The politics and history references in For Your Eyes Only are another thing that I liked about the film. At first, when they mentioned the prime minster, I blanked. For the life of me, I couldn’t remember who was the Prime Minister of England at the time this film was made. And then she had a cameo in the film–or at least an actress playing her–and I was kicking myself for missing that until the very end of my first re-watch.
This movie also has a Cold War feel and focus to it. The head of the KGB from The Spy Who Loved Me returns in this film but this time, he’s not interested in cooperating with MI6. He’s out to get the tracking system and the film implies that he wants it so that he can get one up on the rival agency. Part of the “injecting realism” factor for this film was returning to the UK vs Russia theme of some of the Connery films and there’s no doubt that that’s connected to the political climate of the time.
It’s the little things in this film that worked for me and that’s pretty awesome.
Now I want to spend some time talking about my favorite parts of the film–or the parts also known as “every single scene that Melina Havelock was in.”
After James Bond himself, Melina was the best character in the entire film for me. No surprise of course, because my weakness for the women in James Bond films has to be pretty obvious by now. Ever predictable, I gravitated towards Melina from her first scene where she watches her parents get gunned down in front of her because of how she handled it. Instead of breaking down with her grief, Melina decides that the best thing that she can do in the wake of her parents’ death is to find who killed them and make them pay.
And she gets really darn close to doing so.
I really love that we can chart the evolution of our “main” Bond Girl in the Eon films. While a few of the films slip and our main girl kind of backslides in terms of agency and power (both personal and professional), we’re getting to a point where our Bond Girls are comparable in power with the man himself and that’s pretty wonderful to see. Melina embodies this sort of thing for me because she’s in this horrible situation–parents murdered and assassins on her tail–and all she can think about is doing whatever she can to make sure that whoever is responsible for her parents’ deaths winds up paying for it.
Right after the first car scene, James Bond gets a bit patronizing with Melina and her quest for revenge and she just shuts him down. It’s glorious. (It’s also hilarious to be because what should feel like a continuity fail on Bond’s part just feels as if he’s being a hypocrite since he really has no business telling anyone that seeking revenge is a bad idea with what he did to Blofeld in this movie alone.)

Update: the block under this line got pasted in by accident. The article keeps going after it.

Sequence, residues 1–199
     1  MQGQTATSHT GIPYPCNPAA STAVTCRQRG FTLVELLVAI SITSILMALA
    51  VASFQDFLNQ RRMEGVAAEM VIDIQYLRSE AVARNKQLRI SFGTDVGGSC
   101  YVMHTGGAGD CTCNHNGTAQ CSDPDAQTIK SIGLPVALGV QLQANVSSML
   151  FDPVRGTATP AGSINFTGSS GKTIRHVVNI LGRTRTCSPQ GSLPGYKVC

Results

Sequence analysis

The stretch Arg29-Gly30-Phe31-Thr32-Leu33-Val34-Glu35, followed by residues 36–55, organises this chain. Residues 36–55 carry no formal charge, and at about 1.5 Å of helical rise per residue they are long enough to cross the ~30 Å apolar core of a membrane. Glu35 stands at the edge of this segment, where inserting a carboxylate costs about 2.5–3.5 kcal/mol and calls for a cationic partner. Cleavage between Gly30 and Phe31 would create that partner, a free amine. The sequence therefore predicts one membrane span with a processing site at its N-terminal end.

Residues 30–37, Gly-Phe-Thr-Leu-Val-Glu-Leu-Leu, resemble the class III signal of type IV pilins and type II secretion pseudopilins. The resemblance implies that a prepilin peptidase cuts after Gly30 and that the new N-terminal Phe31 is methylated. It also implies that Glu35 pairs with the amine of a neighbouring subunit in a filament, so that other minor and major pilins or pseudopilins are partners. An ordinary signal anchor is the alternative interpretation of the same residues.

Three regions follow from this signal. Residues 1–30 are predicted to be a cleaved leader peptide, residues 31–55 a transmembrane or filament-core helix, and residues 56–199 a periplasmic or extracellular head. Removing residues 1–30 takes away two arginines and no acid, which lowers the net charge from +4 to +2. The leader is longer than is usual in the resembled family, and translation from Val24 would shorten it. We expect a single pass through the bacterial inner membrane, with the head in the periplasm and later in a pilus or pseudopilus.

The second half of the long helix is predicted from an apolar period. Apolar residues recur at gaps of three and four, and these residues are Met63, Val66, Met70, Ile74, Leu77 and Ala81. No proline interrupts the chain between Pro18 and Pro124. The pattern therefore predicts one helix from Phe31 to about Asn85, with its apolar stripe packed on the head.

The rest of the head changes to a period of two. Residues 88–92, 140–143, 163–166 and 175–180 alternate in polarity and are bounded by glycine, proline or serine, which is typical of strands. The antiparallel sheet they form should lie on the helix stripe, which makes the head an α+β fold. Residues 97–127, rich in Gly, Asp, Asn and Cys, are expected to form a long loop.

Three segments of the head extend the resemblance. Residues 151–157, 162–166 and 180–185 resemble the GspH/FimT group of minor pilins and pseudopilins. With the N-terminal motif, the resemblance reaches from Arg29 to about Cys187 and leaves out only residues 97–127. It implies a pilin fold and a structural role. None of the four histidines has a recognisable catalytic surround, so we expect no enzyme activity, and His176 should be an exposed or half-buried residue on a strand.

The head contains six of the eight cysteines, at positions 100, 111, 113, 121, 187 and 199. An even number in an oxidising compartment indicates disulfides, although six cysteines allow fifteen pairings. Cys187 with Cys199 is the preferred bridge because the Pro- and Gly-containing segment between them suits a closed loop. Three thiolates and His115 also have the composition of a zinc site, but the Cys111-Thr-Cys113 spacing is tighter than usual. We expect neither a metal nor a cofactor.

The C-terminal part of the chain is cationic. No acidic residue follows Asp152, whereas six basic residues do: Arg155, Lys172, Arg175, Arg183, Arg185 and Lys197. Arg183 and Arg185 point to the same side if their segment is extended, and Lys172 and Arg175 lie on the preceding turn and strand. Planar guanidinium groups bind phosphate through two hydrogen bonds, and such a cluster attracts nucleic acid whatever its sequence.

Bond: The Chinese have a saying: “Before setting out on revenge, you first dig two graves.”
Melina: I don’t expect you to understand. You’re English, but I’m half Greek. And Greek women, like Electra… always avenge their loved ones. I must go.
I appreciate the reference to Greek mythology so much. What I like even more is that she takes Bond’s ridiculous comment and points out that essentially it’s in her nature to want to get revenge. How she gets it is up to her, but Melina is very clear that she will be getting it with or without Bond’s assistance.
Melina is an interesting character to me because she’s a very feminine character. She has super long hair and wears dresses in most of her scenes but then she carries a crossbow that she’s not afraid to use. In fact, Melina actually shoots and kills with her crossbow, proving that it isn’t for show.
What’s also fun about Melina is that she really doesn’t put up with any of Bond’s nonsense or the main villains’ either. While she’s not necessarily as powerful in the narrative as the previous two Bond girls, she’s a quietly forceful presence that isn’t afraid to get her hands dirty and that isn’t afraid to push back. Seriously, can we cover how she shoots a crossbow bolt into a henchmen’s chest near the end of the film? It was an epic moment for an epic character.
Even her relationship with James Bond is kind of awesome. My favorite relationships in the franchise tend to be ones where he’s not the initiator. This can change even in the space of the same movie because different female characters are initiating intimacy in ways that are just… not good, but for the most part when ladies go after Bond, I’m game.
At the end of the movie where you have the obligatory “James Bond having sex in a boat” scene, Melina is a teasing figure that wants to be with Bond as much as he wants to be with her. Is their relationship perfect? Not at all, but they’re like teenagers at heart and I actually really enjoyed their ending scenes.
Unfortunately, not all of the other women in the film had as much agency as Melina seemed to have.